Pomp, circumstance—the world is looking toward the coronation of King Charles III. Before we get into the difference between England, the U.K., and Great Britain, here are some monarchy-inspired gifts:
Mini Plant Pot Royal Gardeners
Queen (we had King, but it sold out) For the Day Inflatable Crown
Princess For the Day Inflatable Crown
Prince for the Day Inflatable Crown
Never mind that few people outside of the United Kingdom understand the first thing about the British Royal Family or the U.K. itself. For example, you probably think that Charles is the King of England.
Wait, he's not?
Don't worry; I thought the same thing before researching this article. I also thought that the United Kingdom and Great Britain were the same thing. And that the terms "british" and English were interchangeable.
The United Kingdom is not the same as Great Britain. The official name of the U.K. is the United Kingdom of Great Britain and Northern Ireland. The U.K. is a nation-state composed of four countries: England, Scotland, Wales, and Northern Ireland.
Great Britain is the physical landmass that's home to three of those countries: England, Scotland, and Wales.
Northern Ireland, while part of the United Kingdom, is not part of Great Britain because it's located on the northern tip of Ireland, the island next door.
See the map below.
Apart from the geographical confusion, there's the issue of governance. The United Kingdom is a nation-state, or "sovereign state," made up of four countries. But those countries aren't countries in the way that most people think of countries, as fully independent entities. Ben Johnson, an editor at the history and travel website Historic U.K., said that in many ways it's useful to think of England, Scotland, Wales, and Northern Ireland as the equivalent of states in the U.S., with the central U.K. Parliament in London acting like the federal government in Washington, D.C. He said that ultimately the "state" analogy falls short of capturing the full complexity of a thousand-plus years of invasions, empires, and royal wranglings.
For example, Scotland joined England and Wales to form the Kingdom of Great Britain in 1707. Before that, Scotland had its own parliament, its own monarchs (mostly), and independent self-governance. But it gave all that up when it united with England and Wales. For the last three centuries, Scotland's only claim to self-rule has been sending local representatives to Parliament in London.
Incredibly, Scotland didn't regain some measure of local governmental control until 1999, when the Scottish Parliament was finally restored. That's the same year that Wales launched its own National Assembly, which is similar to a parliament but with less political power. The Northern Ireland Assembly was formed one year earlier, in 1998, as part of the Good Friday Agreement.
England, oddly enough, has no sovereign legislature of its own. So, until 25 years ago, none of the member countries of the U.K. had independent lawmaking bodies outside of Parliament, and one of them still doesn't. In that way, the countries of the U.K. are even less independent than U.S. states. The Union Jack, the flag of the United Kingdom, is itself a literal "union" of the three flags of the kingdoms of England, Scotland, and Ireland. Wales was never officially a "kingdom," so its flag was left out.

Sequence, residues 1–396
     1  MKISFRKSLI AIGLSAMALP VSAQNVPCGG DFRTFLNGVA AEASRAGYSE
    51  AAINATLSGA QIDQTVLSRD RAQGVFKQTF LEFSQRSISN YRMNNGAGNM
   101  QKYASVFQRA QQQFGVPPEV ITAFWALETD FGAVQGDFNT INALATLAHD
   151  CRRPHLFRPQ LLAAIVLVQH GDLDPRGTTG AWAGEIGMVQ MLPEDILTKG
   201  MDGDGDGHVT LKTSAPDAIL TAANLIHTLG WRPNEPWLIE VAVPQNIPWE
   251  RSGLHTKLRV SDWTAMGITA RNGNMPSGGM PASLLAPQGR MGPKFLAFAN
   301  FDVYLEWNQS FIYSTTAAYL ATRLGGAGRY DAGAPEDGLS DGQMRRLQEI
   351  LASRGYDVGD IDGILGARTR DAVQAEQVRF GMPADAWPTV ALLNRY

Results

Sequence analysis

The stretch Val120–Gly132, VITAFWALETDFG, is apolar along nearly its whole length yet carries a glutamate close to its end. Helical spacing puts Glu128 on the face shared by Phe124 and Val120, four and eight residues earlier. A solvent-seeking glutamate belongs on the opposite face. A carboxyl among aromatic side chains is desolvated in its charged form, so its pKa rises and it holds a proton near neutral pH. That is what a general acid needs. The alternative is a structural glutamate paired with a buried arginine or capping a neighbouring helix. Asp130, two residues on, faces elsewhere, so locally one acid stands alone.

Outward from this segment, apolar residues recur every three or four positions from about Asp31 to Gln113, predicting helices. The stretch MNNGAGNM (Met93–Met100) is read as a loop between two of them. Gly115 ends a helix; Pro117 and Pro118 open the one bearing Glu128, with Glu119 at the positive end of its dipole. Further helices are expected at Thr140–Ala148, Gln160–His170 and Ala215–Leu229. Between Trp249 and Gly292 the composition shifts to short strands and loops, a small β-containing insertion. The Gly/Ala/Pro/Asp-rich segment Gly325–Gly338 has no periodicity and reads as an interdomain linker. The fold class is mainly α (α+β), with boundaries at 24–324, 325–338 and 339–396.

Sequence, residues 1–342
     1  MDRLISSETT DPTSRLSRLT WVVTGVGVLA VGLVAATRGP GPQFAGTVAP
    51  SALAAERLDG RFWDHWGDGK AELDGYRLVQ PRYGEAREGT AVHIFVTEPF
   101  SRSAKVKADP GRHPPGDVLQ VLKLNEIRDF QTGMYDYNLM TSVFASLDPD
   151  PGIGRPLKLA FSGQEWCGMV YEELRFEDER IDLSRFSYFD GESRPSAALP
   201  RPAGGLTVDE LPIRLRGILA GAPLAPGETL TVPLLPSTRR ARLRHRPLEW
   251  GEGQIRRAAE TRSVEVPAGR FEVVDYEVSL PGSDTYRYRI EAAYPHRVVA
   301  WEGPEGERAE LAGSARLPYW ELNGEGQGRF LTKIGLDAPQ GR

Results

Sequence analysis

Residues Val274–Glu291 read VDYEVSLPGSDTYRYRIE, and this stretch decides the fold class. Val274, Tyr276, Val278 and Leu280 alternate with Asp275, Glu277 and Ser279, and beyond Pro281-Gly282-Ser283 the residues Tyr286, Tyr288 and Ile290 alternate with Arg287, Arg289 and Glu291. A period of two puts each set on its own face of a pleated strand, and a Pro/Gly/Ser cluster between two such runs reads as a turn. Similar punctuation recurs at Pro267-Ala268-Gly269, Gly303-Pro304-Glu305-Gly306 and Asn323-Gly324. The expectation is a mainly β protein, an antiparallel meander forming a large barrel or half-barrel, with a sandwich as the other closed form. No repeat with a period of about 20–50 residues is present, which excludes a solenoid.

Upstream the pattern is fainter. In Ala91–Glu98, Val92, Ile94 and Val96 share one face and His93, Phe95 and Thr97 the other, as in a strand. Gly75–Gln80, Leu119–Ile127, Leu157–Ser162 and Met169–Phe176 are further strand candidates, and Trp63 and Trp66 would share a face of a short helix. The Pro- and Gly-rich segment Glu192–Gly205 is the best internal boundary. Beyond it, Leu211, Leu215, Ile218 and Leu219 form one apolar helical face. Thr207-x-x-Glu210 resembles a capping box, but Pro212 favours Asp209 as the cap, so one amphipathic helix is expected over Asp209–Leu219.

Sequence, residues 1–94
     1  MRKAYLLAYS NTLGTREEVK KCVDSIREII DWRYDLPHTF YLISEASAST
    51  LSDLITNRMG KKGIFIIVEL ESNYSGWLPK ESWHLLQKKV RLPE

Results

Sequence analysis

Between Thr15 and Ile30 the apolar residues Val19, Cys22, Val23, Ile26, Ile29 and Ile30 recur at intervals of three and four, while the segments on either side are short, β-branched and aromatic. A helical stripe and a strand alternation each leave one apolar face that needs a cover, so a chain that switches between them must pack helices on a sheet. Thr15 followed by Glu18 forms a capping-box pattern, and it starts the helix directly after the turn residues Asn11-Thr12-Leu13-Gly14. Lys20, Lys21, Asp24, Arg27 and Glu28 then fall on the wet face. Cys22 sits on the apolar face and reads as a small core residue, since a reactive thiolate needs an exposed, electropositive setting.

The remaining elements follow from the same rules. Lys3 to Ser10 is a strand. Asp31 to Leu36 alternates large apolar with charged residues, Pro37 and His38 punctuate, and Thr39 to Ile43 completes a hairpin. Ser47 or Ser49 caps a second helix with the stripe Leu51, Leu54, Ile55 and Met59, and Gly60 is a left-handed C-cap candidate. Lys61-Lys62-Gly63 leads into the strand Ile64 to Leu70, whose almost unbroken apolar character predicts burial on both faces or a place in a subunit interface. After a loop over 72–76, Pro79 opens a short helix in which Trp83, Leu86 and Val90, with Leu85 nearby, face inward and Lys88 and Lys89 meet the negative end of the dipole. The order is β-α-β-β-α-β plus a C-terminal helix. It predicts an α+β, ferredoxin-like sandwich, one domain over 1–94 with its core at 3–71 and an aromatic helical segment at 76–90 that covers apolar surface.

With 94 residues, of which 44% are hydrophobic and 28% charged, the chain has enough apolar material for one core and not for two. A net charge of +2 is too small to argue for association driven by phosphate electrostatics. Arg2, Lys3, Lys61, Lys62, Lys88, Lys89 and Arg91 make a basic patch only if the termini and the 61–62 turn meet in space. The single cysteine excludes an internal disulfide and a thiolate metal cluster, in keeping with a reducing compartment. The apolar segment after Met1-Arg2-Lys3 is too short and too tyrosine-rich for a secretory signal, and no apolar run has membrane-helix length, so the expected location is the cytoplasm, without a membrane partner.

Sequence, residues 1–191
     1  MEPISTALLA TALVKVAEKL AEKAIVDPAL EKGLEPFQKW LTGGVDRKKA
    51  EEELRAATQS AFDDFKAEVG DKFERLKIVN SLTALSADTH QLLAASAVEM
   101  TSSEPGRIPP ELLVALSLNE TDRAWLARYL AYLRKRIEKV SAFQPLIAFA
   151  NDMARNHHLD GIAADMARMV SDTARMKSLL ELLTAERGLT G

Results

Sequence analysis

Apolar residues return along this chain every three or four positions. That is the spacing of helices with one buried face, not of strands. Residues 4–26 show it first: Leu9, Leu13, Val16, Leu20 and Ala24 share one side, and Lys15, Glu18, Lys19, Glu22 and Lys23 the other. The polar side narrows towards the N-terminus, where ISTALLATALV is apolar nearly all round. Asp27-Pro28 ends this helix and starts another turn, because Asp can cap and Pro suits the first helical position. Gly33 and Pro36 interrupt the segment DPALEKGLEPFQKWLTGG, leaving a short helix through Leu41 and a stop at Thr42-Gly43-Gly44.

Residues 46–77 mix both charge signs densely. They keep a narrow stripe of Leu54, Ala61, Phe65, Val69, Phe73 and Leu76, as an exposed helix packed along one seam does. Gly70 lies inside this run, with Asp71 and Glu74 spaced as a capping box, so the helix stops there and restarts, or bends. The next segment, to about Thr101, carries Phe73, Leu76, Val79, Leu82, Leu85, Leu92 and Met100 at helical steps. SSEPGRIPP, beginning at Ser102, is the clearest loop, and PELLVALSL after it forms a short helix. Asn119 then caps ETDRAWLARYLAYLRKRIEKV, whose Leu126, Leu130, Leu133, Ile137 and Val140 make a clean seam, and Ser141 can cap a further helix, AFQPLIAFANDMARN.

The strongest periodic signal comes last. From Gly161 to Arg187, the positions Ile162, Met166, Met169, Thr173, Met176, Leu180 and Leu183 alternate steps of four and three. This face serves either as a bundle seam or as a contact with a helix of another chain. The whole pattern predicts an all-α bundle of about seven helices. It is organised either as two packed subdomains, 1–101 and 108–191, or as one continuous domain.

"But there's such a history associated with the different component countries that it would be doing them a disservice to call them anything less than their own separate countries," said Johnson.
Which brings us to the question of national identity in the U.K. and the biggest mistake that Americans often make when speaking with folks from the other side of the pond.
All citizens of the United Kingdom are considered British, whether or not they live on the actual island of Great Britain. So, it's technically kosher to call someone from Scotland, Wales, or Northern Ireland "British." Whether or not they identify as British is another question.
"Someone from Scotland would probably say, 'I'm Scottish first and British second,' and the Welsh might do the same,". "Whereas the English are more likely to say they're British first and English second. That's due to the historical subjugation of those other countries. The English, which were the ruling power, consider themselves to be British, whereas the Scots and Welsh want to preserve their original identity."
Scotland famously held a national referendum on full independence from the United Kingdom in 2014, but it didn't pass. (A second referendum was widely expected but hasn't happened yet.)
What non-Brits should absolutely avoid in all circumstances is calling someone "English" who is not from England.
"If you meet somebody from Northern Ireland or Scotland and say how much you enjoy their English accent, that's probably the biggest no-no," said Johnson, himself born in Scotland but raised in England (with an English accent).
For those keeping score at home, the two major takeaways are: 1) Don't substitute Great Britain for the United Kingdom unless you're talking specifically about a hunk of land; and 2) When in doubt, say "British."
And what about the claim that Charles III is not the King of England? It's true (technically). The 74-year-old monarch is king of the United Kingdom, not just England. Even better, he's still recognized as the king of 14 Commonwealth nations that used to be part of the British Empire, including Canada, Australia, New Zealand, and Jamaica.
facts facts from howstuffworks.com